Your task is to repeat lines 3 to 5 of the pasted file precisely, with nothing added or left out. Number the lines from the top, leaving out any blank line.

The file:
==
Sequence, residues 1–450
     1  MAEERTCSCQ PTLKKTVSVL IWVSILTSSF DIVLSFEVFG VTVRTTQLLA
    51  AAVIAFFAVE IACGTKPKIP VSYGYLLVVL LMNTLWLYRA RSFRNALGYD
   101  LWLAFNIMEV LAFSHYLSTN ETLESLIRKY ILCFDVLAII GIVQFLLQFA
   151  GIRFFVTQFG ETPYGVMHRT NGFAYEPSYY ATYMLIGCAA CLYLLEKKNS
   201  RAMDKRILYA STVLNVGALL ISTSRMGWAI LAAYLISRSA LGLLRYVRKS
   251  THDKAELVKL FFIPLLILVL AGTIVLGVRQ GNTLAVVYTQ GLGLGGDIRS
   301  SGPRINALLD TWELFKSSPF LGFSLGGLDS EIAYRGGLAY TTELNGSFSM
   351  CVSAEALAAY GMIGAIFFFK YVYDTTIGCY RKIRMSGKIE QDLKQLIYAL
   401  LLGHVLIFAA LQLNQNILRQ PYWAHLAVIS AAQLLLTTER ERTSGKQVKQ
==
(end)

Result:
    51  AAVIAFFAVE IACGTKPKIP VSYGYLLVVL LMNTLWLYRA RSFRNALGYD
   101  LWLAFNIMEV LAFSHYLSTN ETLESLIRKY ILCFDVLAII GIVQFLLQFA
   151  GIRFFVTQFG ETPYGVMHRT NGFAYEPSYY ATYMLIGCAA CLYLLEKKNS